Bridging the Gap Between Entrepreneurship and Project Management by Mr. Roger Khater

Mr. Roger Khater gave an experience sharing talk titled “Bridging the Gap Between Entrepreneurship and Project Management “, which was held on Thursday, June 29th, 2017 at 6:30 PM in Holiday Inn Beirut Dunes, Verdun.

In the interactive and knowledge sharing session; Mr. Khater identified and described the entrepreneur with emphasis on his common traits and behavior, in comparison with the project manager while shedding the light on their differences.

Mr. Khater proposed key skills and attitude required for the project manager who will be working with the entrepreneur, hoping as well to inspire few to become entrepreneurs.

As shared in the lecture; the entrepreneur is someone in constant look for opportunities based on real life needs, where he finds a solution to make it a profitable business that eventually generate revenues and employments.

Thus, the most common trait of an entrepreneur is intuition versus the structure trait in the project manager. Packed with his flair, the entrepreneur dreams and conceives businesses, versus the project manager who needs a charter to kick off his mission.

In addition to intuition, the entrepreneur is a calculated risk taker, but far from being a gambler, way less a planner, excelling at marketing and sales along with identifying new innovations to incorporate in the upcoming business in order to protect, enhance and/or bringing a new value proposition to a new market segment.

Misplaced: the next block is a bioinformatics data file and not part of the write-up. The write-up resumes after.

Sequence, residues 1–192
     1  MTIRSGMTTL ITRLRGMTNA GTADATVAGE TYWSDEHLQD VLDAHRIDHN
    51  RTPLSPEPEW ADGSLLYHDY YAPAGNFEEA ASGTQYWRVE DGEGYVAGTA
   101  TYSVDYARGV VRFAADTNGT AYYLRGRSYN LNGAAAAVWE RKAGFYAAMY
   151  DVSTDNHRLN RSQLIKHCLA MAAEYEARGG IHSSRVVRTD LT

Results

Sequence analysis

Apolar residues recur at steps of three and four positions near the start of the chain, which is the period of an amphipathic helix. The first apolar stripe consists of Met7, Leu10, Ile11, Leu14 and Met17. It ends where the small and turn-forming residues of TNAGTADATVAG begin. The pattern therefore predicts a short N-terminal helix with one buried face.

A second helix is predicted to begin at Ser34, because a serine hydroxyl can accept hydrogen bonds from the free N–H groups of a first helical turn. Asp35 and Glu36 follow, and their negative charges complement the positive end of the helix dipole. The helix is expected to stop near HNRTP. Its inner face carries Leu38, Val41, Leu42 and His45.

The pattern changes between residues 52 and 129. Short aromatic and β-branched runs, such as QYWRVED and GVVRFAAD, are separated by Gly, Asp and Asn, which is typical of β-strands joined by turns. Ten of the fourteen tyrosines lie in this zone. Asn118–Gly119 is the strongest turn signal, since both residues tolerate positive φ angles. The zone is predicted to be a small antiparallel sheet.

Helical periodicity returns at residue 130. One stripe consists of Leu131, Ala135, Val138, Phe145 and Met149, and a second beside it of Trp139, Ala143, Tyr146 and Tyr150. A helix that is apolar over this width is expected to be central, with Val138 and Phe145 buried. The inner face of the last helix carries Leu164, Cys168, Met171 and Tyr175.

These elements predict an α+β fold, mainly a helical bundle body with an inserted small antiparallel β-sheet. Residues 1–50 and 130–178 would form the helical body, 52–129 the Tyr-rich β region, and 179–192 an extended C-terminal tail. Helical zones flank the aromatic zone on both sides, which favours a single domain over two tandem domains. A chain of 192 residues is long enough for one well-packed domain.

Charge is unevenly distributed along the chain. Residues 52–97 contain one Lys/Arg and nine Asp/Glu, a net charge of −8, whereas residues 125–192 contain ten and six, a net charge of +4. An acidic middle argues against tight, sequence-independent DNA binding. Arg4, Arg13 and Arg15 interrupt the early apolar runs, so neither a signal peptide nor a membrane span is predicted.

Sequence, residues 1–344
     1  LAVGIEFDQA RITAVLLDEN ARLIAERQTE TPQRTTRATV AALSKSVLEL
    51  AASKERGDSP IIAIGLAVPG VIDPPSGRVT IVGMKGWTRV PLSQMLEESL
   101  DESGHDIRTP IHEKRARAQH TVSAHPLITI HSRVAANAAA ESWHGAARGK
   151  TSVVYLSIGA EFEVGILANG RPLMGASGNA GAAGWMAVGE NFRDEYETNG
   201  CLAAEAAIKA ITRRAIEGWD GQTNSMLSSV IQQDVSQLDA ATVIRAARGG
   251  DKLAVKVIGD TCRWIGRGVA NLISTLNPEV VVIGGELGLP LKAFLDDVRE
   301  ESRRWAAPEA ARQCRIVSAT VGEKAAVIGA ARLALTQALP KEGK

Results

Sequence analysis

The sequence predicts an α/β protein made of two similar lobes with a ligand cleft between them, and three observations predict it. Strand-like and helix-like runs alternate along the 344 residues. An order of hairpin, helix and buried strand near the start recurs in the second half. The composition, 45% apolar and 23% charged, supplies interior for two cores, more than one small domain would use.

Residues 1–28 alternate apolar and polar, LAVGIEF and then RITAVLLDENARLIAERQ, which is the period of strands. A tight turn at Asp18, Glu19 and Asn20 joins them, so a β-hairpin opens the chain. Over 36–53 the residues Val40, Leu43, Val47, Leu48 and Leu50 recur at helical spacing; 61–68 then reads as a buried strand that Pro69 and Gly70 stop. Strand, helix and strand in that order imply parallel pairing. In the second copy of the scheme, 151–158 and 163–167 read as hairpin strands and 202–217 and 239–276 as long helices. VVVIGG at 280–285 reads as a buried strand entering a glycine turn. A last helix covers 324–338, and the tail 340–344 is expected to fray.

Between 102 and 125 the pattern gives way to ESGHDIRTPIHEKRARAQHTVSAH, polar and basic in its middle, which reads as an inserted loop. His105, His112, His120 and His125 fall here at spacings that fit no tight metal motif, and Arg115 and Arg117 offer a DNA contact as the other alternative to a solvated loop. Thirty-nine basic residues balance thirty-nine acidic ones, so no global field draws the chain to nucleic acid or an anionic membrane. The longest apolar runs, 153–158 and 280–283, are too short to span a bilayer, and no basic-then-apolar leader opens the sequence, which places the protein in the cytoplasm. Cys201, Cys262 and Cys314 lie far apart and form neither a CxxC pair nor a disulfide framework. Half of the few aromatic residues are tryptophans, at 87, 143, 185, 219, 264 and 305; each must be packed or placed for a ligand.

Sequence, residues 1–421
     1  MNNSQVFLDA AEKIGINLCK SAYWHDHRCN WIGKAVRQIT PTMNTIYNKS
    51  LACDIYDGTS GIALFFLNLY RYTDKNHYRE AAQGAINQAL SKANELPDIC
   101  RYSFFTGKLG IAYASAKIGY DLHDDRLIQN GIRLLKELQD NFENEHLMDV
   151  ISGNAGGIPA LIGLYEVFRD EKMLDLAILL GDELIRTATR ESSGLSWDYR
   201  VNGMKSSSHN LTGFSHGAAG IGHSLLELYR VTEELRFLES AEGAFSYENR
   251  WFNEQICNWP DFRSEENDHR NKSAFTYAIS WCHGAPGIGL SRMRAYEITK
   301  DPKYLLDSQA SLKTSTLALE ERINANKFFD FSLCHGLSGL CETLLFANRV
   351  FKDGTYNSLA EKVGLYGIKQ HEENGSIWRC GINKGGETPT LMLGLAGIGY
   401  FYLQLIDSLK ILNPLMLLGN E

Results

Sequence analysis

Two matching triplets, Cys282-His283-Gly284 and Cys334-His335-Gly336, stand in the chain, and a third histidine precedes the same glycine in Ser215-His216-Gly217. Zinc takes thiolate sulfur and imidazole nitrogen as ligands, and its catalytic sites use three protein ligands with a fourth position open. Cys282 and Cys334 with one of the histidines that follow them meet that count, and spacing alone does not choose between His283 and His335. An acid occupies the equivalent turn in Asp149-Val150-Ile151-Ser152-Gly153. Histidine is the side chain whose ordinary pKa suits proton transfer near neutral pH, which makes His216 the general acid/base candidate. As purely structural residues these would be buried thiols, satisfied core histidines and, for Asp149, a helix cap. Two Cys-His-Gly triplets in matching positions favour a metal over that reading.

In this regard, a project manager is a risk averse, excellent planner, product focus with project delivery as his main concern. Nevertheless, the entrepreneur and the project manager need each other to create new businesses and products.

The entrepreneur main focus is his dream to have a new solution, where the project manager must help the former in identifying the right charter; plus, change management process should be well identified early stages, as the entrepreneur has tendency to enhance the product even before starting up its design, and when a minimal viable product is ready, the entrepreneur will immediately take it to market for revenue and/or investors for funding.

During the go to market phase, the entrepreneur shifts his focus to marketing and sales, and the project manager is faced with new stakeholders (i.e. sales people, more innovators and investors, usually hard to manage characters) that the entrepreneur intuitively knows how to manage; but the support of the project manager is again a must in order to streamline the operation, by breaking all operational activities into small tasks and mapping them to the right people profiles, as well as creating the basis of the organizational structure that will govern the new business.

Finally, in order for the project manager to become a good entrepreneur, he has to be more intuitive rather than structured, he should also start taking risks, unleash his creativity towards innovation and mostly becomes oriented on marketing and sales. An entrepreneur is first a character, but who also needs the right environment to operate properly, and a huge passion that will drive him to take the right decisions all times, to maintain his persistency on the previously set vision and to constantly stay focused on his business for at least for 2 years.

Some pictures from the session